By Cindy Wooden | Catholic News Service
VATICAN CITY (CNS) — As Christians pray, fast, and give alms during Lent, they also should consider giving a smile and offering a kind word to people feeling alone or frightened because of the coronavirus pandemic, Pope Francis said.
“Love rejoices in seeing others grow. Hence it suffers when others are anguished, lonely, sick, homeless, despised, or in need,” the pope wrote in his message for Lent 2021.
The message, released by the Vatican Feb. 12, focuses on Lent as “a time for renewing faith, hope, and love” through the traditional practices of prayer, fasting, and almsgiving. And, by going to confession.
Throughout the message, Pope Francis emphasized how the Lenten practices not only promote individual conversion, but also should have an impact on others.
“By receiving forgiveness in the sacrament that lies at the heart of our process of conversion, we in turn can spread forgiveness to others,” he said. “Having received forgiveness ourselves, we can offer it through our willingness to enter into attentive dialogue with others and to give comfort to those experiencing sorrow and pain.”
The pope’s message contained several references to his encyclical “Fratelli Tutti, on Fraternity and Social Friendship.”
For example, he prayed that during Lent Catholics would be “increasingly concerned with ‘speaking words of comfort, strength, consolation, and encouragement, and not words that demean, sadden, anger or show scorn,’” a quote from the encyclical.
“In order to give hope to others, it is sometimes enough simply to be kind, to be ‘willing to set everything else aside in order to show interest, to give the gift of a smile, to speak a word of encouragement, to listen amid general indifference,’” he said, again quoting the document.
The Lenten practices of fasting, almsgiving and prayer were preached by Jesus and continue to help believers experience and express conversion, the pope wrote.
“The path of poverty and self-denial” through fasting, “concern and loving care for the poor” through almsgiving, and “childlike dialogue with the Father” through prayer, he said, “make it possible for us to live lives of sincere faith, living hope, and effective charity.”
Pope Francis emphasized the importance of fasting “as a form of self-denial” to rediscover one’s total dependence on God and to open one’s heart to the poor.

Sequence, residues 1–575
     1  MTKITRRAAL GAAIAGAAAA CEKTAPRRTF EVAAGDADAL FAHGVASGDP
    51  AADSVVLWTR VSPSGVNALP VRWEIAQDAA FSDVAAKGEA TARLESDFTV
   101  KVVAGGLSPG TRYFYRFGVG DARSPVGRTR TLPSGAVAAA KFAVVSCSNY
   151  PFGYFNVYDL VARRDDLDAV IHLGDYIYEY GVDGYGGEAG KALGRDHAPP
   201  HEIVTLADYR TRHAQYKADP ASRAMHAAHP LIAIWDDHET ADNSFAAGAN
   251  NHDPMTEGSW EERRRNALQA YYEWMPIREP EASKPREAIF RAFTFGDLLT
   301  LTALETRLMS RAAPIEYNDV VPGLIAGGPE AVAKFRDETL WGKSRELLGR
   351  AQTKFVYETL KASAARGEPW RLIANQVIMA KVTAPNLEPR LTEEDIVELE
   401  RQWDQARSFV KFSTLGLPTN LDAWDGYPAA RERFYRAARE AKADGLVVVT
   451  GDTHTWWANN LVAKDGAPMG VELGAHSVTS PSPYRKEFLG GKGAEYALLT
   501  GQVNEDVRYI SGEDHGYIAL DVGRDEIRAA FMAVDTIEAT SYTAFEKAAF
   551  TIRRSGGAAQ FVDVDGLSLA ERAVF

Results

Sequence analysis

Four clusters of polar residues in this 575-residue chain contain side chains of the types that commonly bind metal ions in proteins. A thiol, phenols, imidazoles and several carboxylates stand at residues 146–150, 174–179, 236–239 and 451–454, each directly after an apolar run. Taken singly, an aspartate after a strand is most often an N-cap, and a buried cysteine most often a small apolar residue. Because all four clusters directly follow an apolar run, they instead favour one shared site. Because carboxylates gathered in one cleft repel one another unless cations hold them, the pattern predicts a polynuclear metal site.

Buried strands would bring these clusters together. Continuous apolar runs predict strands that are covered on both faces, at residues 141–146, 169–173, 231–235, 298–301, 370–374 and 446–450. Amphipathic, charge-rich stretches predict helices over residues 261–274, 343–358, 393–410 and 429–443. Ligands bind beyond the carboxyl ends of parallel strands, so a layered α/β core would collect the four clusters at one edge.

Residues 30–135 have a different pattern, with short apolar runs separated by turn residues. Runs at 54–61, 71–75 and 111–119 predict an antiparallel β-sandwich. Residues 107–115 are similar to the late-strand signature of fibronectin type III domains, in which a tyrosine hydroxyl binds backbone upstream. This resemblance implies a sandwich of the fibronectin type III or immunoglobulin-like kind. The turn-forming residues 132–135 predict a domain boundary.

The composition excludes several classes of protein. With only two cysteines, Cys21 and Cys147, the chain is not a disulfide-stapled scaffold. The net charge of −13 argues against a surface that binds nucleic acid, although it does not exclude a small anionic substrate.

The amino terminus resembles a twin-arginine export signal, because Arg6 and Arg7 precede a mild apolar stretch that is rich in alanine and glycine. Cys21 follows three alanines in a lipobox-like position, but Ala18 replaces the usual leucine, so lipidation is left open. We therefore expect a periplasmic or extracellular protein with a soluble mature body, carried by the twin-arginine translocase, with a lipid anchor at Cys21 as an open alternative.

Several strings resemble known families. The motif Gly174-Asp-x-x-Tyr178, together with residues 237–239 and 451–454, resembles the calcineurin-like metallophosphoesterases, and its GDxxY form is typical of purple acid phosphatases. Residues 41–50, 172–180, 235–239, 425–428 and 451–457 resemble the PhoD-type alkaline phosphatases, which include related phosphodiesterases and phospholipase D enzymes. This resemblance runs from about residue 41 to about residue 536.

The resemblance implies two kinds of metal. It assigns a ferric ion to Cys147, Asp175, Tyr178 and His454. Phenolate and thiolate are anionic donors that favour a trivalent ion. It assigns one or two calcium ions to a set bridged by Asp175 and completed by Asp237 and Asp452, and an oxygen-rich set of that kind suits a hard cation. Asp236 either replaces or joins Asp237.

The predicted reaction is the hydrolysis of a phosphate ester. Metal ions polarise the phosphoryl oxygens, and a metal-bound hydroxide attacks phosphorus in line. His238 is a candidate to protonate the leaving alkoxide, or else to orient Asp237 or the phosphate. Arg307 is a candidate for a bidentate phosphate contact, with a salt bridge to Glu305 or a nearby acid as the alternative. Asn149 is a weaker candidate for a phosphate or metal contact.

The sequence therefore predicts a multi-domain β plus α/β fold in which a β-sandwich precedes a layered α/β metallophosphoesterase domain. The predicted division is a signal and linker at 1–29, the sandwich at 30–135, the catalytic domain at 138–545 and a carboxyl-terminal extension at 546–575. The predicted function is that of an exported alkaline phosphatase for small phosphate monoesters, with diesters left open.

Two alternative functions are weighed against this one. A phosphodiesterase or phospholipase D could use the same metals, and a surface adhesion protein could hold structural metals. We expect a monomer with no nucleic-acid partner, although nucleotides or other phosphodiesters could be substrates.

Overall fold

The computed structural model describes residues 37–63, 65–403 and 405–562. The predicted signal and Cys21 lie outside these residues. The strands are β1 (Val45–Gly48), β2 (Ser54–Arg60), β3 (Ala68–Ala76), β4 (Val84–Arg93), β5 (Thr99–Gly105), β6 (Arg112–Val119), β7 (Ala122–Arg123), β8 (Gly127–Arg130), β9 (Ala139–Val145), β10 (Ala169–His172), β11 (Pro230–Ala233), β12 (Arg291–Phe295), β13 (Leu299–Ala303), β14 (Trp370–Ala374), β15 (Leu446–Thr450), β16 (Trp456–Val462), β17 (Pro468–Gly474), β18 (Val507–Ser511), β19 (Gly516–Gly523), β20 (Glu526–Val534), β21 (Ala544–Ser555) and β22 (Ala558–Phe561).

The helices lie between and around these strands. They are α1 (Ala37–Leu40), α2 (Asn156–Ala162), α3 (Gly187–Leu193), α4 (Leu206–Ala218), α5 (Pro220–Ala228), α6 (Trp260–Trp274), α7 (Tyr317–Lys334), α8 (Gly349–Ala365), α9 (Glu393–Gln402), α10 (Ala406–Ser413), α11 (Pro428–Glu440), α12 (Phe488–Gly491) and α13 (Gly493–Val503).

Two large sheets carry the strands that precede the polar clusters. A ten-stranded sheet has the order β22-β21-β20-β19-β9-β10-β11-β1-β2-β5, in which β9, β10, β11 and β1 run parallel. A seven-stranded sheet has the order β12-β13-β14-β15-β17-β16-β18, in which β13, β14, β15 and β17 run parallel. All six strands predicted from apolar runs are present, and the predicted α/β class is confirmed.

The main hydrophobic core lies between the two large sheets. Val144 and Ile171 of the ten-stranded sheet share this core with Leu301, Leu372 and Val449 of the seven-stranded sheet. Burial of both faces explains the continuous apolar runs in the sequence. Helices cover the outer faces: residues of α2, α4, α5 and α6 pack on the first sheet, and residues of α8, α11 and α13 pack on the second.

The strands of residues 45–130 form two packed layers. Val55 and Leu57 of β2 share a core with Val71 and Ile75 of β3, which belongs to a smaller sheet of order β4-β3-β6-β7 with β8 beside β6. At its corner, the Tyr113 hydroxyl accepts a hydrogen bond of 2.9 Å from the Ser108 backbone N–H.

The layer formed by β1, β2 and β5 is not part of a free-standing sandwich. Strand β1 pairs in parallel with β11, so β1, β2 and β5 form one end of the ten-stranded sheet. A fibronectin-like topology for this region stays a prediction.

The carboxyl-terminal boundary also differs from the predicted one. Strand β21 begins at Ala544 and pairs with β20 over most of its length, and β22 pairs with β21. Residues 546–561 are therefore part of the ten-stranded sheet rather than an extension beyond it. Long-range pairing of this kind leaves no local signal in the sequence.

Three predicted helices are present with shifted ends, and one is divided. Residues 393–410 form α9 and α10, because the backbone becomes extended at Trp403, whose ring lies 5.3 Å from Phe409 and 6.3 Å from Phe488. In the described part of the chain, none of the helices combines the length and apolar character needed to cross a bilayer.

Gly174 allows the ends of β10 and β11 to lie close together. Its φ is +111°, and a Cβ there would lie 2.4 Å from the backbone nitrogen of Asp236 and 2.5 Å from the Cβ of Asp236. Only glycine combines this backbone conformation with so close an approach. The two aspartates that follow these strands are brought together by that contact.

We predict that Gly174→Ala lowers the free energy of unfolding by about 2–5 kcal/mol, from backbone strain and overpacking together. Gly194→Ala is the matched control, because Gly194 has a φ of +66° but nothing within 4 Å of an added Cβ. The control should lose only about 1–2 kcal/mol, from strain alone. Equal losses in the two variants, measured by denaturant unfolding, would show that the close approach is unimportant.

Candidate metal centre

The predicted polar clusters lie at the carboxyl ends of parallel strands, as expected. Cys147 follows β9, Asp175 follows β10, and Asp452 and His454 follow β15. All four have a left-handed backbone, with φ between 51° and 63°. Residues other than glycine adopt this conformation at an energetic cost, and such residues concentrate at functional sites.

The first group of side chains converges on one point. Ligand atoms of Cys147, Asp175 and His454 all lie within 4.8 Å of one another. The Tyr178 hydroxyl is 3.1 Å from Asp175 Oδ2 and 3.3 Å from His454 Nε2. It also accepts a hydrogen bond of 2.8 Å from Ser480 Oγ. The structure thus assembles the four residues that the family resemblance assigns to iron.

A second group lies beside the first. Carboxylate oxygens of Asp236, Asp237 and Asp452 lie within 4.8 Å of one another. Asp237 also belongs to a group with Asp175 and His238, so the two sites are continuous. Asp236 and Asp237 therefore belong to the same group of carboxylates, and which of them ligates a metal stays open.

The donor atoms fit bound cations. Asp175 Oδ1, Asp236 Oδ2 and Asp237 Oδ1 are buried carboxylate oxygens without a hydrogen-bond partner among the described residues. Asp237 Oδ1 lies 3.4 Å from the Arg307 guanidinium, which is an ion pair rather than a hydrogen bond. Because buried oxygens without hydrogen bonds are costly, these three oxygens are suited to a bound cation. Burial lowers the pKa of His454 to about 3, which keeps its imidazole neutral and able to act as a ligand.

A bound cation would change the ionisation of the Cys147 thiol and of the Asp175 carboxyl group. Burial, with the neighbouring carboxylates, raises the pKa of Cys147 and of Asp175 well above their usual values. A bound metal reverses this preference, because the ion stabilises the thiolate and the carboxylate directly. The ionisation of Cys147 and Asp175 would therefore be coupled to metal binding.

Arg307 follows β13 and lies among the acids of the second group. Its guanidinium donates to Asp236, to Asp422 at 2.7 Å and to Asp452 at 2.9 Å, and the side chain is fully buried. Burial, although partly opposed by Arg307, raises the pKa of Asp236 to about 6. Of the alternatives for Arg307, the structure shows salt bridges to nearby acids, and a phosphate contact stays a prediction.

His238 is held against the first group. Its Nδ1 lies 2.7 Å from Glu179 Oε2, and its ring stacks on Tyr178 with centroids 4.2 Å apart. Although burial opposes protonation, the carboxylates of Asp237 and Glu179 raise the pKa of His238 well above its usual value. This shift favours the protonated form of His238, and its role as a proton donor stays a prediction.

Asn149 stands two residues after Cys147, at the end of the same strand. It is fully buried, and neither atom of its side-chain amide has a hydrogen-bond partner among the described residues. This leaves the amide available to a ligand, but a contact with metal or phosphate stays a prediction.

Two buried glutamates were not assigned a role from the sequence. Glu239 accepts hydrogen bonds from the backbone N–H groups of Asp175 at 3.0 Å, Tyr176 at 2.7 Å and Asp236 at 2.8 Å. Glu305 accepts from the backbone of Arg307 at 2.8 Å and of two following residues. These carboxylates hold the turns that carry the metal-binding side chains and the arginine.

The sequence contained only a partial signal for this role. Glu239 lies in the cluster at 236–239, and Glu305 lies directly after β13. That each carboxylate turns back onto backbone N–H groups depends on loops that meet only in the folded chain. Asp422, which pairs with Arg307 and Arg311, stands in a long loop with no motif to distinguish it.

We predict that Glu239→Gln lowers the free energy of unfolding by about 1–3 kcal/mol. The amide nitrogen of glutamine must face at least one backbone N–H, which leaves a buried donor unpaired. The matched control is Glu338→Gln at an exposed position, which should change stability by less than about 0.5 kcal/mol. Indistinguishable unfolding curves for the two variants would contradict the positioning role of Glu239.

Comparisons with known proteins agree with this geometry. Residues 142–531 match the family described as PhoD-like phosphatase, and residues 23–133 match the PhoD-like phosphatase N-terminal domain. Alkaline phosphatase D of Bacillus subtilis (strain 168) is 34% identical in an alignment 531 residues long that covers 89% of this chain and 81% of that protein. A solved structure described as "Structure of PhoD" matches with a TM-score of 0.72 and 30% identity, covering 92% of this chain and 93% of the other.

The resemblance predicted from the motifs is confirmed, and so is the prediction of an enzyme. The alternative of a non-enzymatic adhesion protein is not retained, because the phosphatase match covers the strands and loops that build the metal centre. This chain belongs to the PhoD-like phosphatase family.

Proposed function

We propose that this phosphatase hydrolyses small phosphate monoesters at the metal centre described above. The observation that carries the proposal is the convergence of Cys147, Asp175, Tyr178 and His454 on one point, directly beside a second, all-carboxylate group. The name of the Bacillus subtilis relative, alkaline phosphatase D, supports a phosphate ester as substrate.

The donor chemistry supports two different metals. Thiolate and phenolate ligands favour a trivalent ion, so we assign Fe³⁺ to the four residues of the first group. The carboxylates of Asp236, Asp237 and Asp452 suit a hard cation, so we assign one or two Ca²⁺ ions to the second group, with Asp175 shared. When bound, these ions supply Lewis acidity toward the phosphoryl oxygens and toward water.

“Fasting involves being freed from all that weighs us down — like consumerism or an excess of information, whether true or false — in order to open the doors of our hearts to the one who comes to us, poor in all things, yet full of grace and truth: the son of God our savior.”
Cardinal Peter Turkson, prefect of the Dicastery for Promoting Integral Human Development, presenting the message at a news conference, also insisted on the importance of “fasting and all forms of abstinence,” for example, by giving up “time watching TV so we can go to church, pray, or say a rosary. It is only through self-denial that we discipline ourselves to be able to take the gaze off ourselves and to recognize the other, reckon with his needs, and thus create access to benefits and goods for people,” ensuring respect for their dignity and rights.
Msgr. Bruno-Marie Duffe, secretary of the dicastery, said that at a time of “anxiety, doubt, and sometimes even despair” because of the COVID-19 pandemic, Lent is a time for Christians “to walk the way with Christ toward a new life and a new world, toward a new trust in God and in the future.”
Fasting & Abstinence
Ash Wednesday and Good Friday are obligatory days of fasting and abstinence for Catholics. In addition, Fridays during Lent are obligatory days of abstinence.
For members of the Latin Catholic Church, the norms on fasting are obligatory from age 18 until age 59. When fasting, a person is permitted to eat one full meal, as well as two smaller meals that together are not equal to a full meal. The norms concerning abstinence from meat are binding upon members of the Latin Catholic Church from age 14 onwards.
— U.S. Conference of Catholic Bishops, via usccb.org